The Algona Upper Des Moines from Algona, Iowa on November 14, 1967 · Page 2
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The Algona Upper Des Moines from Algona, Iowa · Page 2

Algona, Iowa
Issue Date:
Tuesday, November 14, 1967
Page 2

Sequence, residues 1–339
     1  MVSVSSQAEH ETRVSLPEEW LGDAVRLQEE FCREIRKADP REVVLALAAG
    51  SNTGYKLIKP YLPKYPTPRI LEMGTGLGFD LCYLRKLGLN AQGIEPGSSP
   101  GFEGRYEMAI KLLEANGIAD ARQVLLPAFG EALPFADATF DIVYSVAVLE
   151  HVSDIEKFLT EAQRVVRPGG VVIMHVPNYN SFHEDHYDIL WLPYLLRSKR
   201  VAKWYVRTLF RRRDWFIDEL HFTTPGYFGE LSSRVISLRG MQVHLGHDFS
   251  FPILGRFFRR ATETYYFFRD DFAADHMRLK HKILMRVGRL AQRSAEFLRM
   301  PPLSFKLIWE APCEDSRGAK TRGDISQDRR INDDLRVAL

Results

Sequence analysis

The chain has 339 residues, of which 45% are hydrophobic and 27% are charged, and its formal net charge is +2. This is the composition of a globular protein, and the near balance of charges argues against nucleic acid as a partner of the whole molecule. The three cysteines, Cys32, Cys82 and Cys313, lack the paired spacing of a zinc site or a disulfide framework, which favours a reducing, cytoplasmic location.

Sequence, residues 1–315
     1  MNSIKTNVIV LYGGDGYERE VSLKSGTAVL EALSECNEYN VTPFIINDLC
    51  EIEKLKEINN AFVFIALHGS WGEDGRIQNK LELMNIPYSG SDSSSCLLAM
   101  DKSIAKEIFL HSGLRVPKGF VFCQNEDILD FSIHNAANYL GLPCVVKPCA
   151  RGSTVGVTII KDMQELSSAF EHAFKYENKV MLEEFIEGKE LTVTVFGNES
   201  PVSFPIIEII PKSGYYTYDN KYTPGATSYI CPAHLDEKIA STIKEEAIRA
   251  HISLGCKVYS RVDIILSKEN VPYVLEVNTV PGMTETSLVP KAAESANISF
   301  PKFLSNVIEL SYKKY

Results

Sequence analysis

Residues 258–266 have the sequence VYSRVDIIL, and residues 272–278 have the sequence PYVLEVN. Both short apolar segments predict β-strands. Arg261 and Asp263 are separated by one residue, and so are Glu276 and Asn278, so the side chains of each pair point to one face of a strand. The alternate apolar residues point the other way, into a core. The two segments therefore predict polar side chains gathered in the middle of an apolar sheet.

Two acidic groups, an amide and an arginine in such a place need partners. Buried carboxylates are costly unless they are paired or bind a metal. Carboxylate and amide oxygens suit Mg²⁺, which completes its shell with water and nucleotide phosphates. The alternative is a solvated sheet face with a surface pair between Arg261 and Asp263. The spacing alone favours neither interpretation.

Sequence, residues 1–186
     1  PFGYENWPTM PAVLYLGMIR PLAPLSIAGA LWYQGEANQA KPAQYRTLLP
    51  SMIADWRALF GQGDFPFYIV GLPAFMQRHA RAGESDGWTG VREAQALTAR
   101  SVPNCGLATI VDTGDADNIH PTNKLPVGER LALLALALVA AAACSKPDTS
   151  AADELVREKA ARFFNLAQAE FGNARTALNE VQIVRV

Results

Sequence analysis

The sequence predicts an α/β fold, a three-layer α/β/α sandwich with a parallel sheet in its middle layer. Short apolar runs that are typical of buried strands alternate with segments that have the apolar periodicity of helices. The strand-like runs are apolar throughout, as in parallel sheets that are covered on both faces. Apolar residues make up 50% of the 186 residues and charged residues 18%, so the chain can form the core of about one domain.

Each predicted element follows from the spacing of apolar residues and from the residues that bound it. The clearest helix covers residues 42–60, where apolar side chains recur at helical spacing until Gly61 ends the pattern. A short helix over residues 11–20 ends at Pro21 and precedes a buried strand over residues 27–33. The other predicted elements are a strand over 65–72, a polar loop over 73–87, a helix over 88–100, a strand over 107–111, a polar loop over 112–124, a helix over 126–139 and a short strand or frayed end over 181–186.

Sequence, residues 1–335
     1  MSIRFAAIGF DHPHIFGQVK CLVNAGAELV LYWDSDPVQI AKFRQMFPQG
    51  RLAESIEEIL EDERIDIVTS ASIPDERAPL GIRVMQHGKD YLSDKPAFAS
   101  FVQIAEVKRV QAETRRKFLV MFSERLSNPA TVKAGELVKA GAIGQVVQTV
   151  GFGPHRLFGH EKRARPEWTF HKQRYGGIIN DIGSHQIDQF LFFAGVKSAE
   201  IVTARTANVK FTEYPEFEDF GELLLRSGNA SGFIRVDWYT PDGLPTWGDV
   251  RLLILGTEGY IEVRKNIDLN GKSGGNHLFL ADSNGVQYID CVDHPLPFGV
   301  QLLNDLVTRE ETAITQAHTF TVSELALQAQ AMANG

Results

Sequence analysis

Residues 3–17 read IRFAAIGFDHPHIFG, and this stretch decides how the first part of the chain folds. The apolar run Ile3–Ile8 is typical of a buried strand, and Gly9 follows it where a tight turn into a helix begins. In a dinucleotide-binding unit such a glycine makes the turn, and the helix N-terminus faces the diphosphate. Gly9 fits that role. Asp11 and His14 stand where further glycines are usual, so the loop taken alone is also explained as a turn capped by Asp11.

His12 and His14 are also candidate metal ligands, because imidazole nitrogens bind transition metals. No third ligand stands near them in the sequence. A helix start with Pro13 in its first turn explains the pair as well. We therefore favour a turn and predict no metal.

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2-Algona, (la.) Upper Des Maine* Tuesday, Nov. 14, 1967 Will Divert 10 Million More Farm Acres In '68 The 1968 FeedGrain Program, announced recently by Secretary of Agriculture Orville L. Freeman, takes vigorous action to reduce total supplies in order to strengthen prices, according to R. I. Anderson, chairman, Kossuth ASCS committee. The target is to divert from production about 30 million acres - 10 million more than were diverted in 1967- in order to reduce feed grain stocks and gain much stronger prices. The chairman listed the following key provisions of the 1968 program: 1. Farmers will divert to conserving uses 20 percent of their base acreage of corn and sorghums in order to qualify for price-support loans and payments. No diversion payments will be made for this minimum diversion, except for small-farm acreages— the same as 1966-67. 2. Additional acreage may be diverted up to a total of 50 percent of the base or 25 acres, whichever is larger. The acreage diversion rate for this voluntary diversion will be 45 percent of the total price support (loan plus price-support payment) times the farm's established yield. In the 1967 program, there was no payment for diversion except from bases of 25 acres or less. 3. For small farms (with a base of 25 acres or less), a diversion payment will be available at 20 percent of the total support rate times the farm yield for the first 20 percent acreage diversion, and at the regular 45- percent payment rate on the remaining acreage diverted to a conserving use. 4. As in 1967, producers with corn-sorghum base acreages up to 125 acres will have the option of temporarily reducing this base down to 25 acres and still be eligible for the small-farm provision provided that no corn or grain sorghum is planted for harvest on the farm and the 25 acres are diverted to a conserving use. 5. Price-support loan levels under the 1968 program will be the same as in 1967-for corn, a national average of $1.05 per bushel; for sorghum, a national average of $1.61 per hundredweight. Price-support payments DRAFTS •^/,/^.tiA- TRANSPARENT *.<ilt.D»~ PLASTIC t EASY TO INSTALL Inside or Outside Complete-72" x 36" Plastic Sheet with molding and nails. Ho ,dware & lumber Jt Or Everywhere ** will continue at 30 cents per bushel for corn and 53 cents per hundredweight on sorghum, based on the planted acreage up to one- half the farm base times the projected yield. 6. Substitution provisions relating to wheat and feed grain acreage (including barley and oats-rye) will be continued. 7. Barley is not included in the 1968 program and producers of this crop will be eligible for barley price-support loans regardless of the acreage planted. 8. Price-support loan levels for feed grain crops not covered by the program are national averages of 90 cents per bushel for barley, 63 cents per bushel for oats and $1.02 per bushel for rye. Further program details will be announced prior to signup time. Questions still to be answered concern the availability of advance payments, the production of substitute crops on diverted acreages and whether soybeans may be planted on corn- sorghum acreage in 1968 as in 1967 without loss of the feed grain price-support payments. Signups for participation in the 1968 Feed Grain and wheat programs will take place concurrently during February and March, 1968. Ex-Resident Here Killed In Vietnam Second Lt. Larry Bleeker, 24, Ames, a former Algona resident, was killed Oct. 26 in Vietnam by sniper fire while on duty. His parents are Mr. and Mrs. Hiram Bleeker, Ames, and lived here when Mr. Bleeker was employed at the former Richardson Furniture Store here. Lt. Bleeker arrived in Vietnam slightly more than two weeks before he was killed. Funeral services for him were held Tuesday, Nov. 7, at the Campus Baptist church, Ames. He was a 1961 graduate of Ames High School and a 1966 graduate of Iowa State U., joining the Marines in June, 1966. He left San Francisco for Vietnam Oct. 3. Survivors include his parents, three brothers, a sister and a grandmother. Three-Way Spray A new hair spray oil the market permits milady to dial her choice of spray—firm, fine, or mist. The secret is in a completely new aersol valve. Transparent Plastk STORM WINDOW KIT COAST TO COAST STORES ED WOLF, OWNER ALGONA NO Mopping • NO Scrubbing • No Scouring With Easy-to-Ciean Kitchen Carpet MADE OF COMFORTABLE, LONG LASTING ACRILAN* PILE No more scrubbing, no more tired standing when your kitchen is soft- carpeted with Mohawk's all new Acrilan® acrylic fiber pile. Carpet so magically resistant to water, stains, spills of any kind that we—and Mohawk—recommend it for outdoors too! Solution dyed colors are locked-in against sun and stain. But this is Mohawk carpet you can't tell from high priced living room carpet. It has color and texture richness to beautify any room. So, have a kitchen that's not only carefree and comfortable, but newly beautiful with Mohawk's "House 'n Garden" carpet. Your budget won't feel it—and you deserve it! A TOP VALUE FROM MOHAWK ONLY 118 9'x12' KITCHEN Completely Installed Wall-to-Wall FURNITURE & WATSON INTERIORS NORTH PHILLIPS STREET ALGONA, IOWA

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